After the distribution network plan is developed, the next step we have to do is the selection of the right fiber optic cable. Remember the bulk of the Fiber Optic Cable installed today is for either telephone or office applications. Industrial sites bring some challenges that are not address by many of the common fiber optic cable installation design. Just due to the local telephone company would rather a particular type of fiber optic cable does not mean it is the right one for a facility.
The common rule of thumb for selection optical cable in industrial setting is to use 62.5/125 μm or 50/125 μm Multi-mode fiber cable. The cable should be rated for both indoor and outdoor use and must have an FT-4 flame rating if it is used for indoors. Aluminum interlock armor is preferred over steel tape for all but long, buried runs. Fiber counts should be a minimum of 12, with 24 fibers as the standard for main backbones. More specific selection details depend on the area where the cable will be installed.
Indoor Office Installation
Fiber selection for office applications is relatively simple. The fiber must be flame-rated for either FT-4 general use or FT-6 for plenum. Typically, tight-buffered cable with Kevlar strength members and a light jacket is used. There is little reason to use loose tube as it is more difficult to install and usually does not meet the flame rating standards. As well, fiber optic cables in these environments do not require armor as the chance of crush or pull damage is relatively low. Because jacketed fiber optic cable is more rugged than most coaxial and twisted-pair cables, plan to armor fiber only in the places where coaxial cables would be Armored Fiber Cable.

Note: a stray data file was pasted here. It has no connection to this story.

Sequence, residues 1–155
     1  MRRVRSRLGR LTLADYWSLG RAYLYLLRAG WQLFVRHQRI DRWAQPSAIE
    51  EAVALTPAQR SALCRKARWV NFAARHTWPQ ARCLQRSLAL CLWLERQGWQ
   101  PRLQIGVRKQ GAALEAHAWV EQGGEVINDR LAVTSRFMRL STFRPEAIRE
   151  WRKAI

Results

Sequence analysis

Indoor Industrial Installations
If fiber optic cable is being installed in plant-floor conditions. It is possible to be installed in existing cable trays and be subjects to more stresses than office cable systems. Thus, some form of armor is recommended, usually aluminum interlocked (TEC style) armor. This armor must be electrically bonded to ground at all distribution cabinets.
Industrial sites often need a combination of indoor and outdoor fiber routing. Telecommunication industry guidelines recommended switching between indoor and outdoor fiber cable types at each transition, a solution than is not practical for most industrial sites. On a typical site, this would require numerous patch boxes or splices and is not worked for both cost and attenuation(signal loss) reasons. Instead, FT-4 flame-rated, tight-buffered cable should be used so that the cable can transmit both indoor and outdoor environment.
Long-Run Outdoor Installations
Outdoor fiber cable generally falls into three categories, direct burial, underground conduit, and aerial. These cables are manufactured specifically for outdoor applications and are recommended for any long outdoor cable runs, especially in region subject to cold weather. Most are loose tube designs with high tensile strength, to withstand environmental conditions, and gel filling, to prevent water migration. The jacket materials are specially selected to be abrasion and ultraviolet resistant. If a facility is planning to install long outdoor runs it will need to work closely with the manufacturer ti determine the right cable for its application.
Indoor and Outdoor fiber optic cable delivers outstanding audio, video, telephony and data signal performance for educational, corporate and government campus applications. With a low bending radius and lightweight feature, this cable is suitable for both indoor and outdoor installations. Typical indoor and outdoor cables are loose tube and tight buffer designs, and we also supply ribbon cables, drop cables, distribution cables and breakout cables. These are available in a variety of configurations and jacket types to cover riser and plenum requirements for indoor cables and the ability to be run in duct, direct buried, or aerial/lashed in the outside plant. In addition, Fiberstore is doing with 30% of the price and it is a quite happy thing.